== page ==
This is an archived article that was published on sltrib.com in 2008, and information in the article may be outdated. It is provided only for personal research purposes and may not be reprinted.
SANDY - From start to finish, it only took 42 days for Real Salt Lake and Rio Tinto to reach an agreement to put the mining giant's name on the soccer team's new stadium.
Evidence, said Real Salt Lake owner Dave Checketts, that the partnership was meant to be.
And why not, he added at Monday's formal unveiling of naming rights for the $110 million stadium. Rio Tinto's local subsidiary, Kennecott Utah Copper, has been a major mover-and-shaker in the Salt Lake Valley for more than a century. And while the parent company's name may not be well-known here, it is all around the soccer-loving world, from its headquarters in London to its mining operations on every inhabited continent.
"We have found, in every way, the perfect partner," said Checketts in a ceremony on the north plaza of the stadium, which will open Oct. 9 with a nationally televised RSL game against New York. That plaza soon will be equipped with powerful spotting scopes that will afford close-up views across the Salt Lake Valley of Rio Tinto's most visible local asset, the Bingham Canyon mine.
Neither Checketts nor Rio Tinto Copper CEO Brett Clayton would discuss the value or length of the naming rights contract, citing confidentiality clauses in the agreement. Kennecott spokeswoman Jana Kettering disputed the accuracy of Salt Lake Tribune sources who put the figure at $1.5 million to $2 million annually for 15 years. She declined to provide alternate numbers.
All Checketts would say is "it's a very good deal for both sides."
From Real Salt Lake's perspective, said team president Bill Manning, the association with "a world-class company gives us credibility."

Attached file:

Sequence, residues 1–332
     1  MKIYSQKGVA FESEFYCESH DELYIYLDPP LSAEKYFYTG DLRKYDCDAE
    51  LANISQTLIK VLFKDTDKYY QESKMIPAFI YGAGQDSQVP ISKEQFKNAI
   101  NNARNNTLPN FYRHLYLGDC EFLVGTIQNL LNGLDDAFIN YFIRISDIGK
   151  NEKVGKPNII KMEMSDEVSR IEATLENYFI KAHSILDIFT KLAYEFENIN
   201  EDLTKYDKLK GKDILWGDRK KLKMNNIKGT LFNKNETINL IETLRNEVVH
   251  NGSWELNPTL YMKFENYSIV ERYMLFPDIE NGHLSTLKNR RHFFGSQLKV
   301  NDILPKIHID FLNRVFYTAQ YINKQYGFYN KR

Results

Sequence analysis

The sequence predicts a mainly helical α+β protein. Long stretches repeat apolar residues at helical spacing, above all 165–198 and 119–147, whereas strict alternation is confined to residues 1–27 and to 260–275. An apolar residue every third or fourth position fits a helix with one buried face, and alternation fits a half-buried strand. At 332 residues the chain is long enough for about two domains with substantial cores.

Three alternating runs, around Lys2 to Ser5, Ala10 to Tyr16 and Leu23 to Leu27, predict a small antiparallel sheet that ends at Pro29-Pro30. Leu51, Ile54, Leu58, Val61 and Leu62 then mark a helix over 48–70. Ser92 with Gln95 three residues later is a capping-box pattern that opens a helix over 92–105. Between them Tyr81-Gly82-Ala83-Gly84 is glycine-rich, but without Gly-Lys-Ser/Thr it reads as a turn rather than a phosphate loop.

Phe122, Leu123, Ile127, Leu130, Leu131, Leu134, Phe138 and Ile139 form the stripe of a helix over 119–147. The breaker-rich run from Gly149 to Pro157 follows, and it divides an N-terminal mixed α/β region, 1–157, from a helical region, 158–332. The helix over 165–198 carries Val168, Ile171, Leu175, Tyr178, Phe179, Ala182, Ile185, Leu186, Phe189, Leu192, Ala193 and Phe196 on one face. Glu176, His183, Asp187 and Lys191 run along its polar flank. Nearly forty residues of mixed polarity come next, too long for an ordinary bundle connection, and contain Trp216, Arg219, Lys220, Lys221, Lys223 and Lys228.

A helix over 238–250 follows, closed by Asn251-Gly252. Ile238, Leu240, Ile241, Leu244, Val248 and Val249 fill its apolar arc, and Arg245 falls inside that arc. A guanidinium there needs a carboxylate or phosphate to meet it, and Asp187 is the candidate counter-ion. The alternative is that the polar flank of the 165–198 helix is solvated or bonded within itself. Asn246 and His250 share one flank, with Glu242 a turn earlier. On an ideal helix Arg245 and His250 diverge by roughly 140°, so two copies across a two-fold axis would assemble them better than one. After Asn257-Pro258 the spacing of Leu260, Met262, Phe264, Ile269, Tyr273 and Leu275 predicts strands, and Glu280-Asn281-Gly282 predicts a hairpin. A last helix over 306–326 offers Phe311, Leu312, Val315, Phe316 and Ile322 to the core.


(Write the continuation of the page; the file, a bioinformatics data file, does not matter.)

For Rio Tinto, having its name on the stadium will enhance the company's ongoing efforts to establish its name more vividly in the public consciousness, following up on its sponsorship of the new Utah Museum of Natural History, which will be known as the Rio Tinto Center.
"This sponsorship is one way of giving back to a community where we live and work," said Kennecott Utah Copper President Andrew Harding. "We're here to stay."
As late as mid-July, however, the naming rights issue was up in the air.
Checketts said he had been involved in preliminary discussions with three other companies when he got a call from an old friend - Richard Horne, executive director of the R. Harold Burton Foundation - suggesting Rio Tinto. Horne noted that its copper division was headed by Clayton, a Skyline High School and University of Utah graduate.
Checketts called him. A meeting was arranged. Over the next six days, two more meetings were held with different mining company executives. RSL's Manning and Rio Tinto's Gina Crezée then hammered out the initial details, basically reaching a deal by Sept. 8, subject to dotting I's and crossing T's on the final contract.
Besides providing "a really cool name for a stadium - Real at Rio," Checketts said the now-finalized partnership conjured up childhood memories for him of watching movies on television during "Kennecott Neighborhood Theater," of peering down into the open-pit mine on Cub Scout trips and marveling at the height of the Kennecott Building in downtown Salt Lake City.
Now, he predicted, the stadium's name "will be part of countless childhood memories for years to come."
Rio Tinto facts
* Company formed by investors in 1873 to mine ancient copper workings at Rio Tinto in southern Spain. Merged with an Australian company in 1962.
* Acquired Kennecott Utah Copper in 1989.
* One of the largest mining companies in the world, producing copper, iron ore, aluminium, coal, diamonds, uranium and industrial minerals.
* 65,000 employees, 2,500 in Utah.
* Facing possible acquisition by BHP Billiton.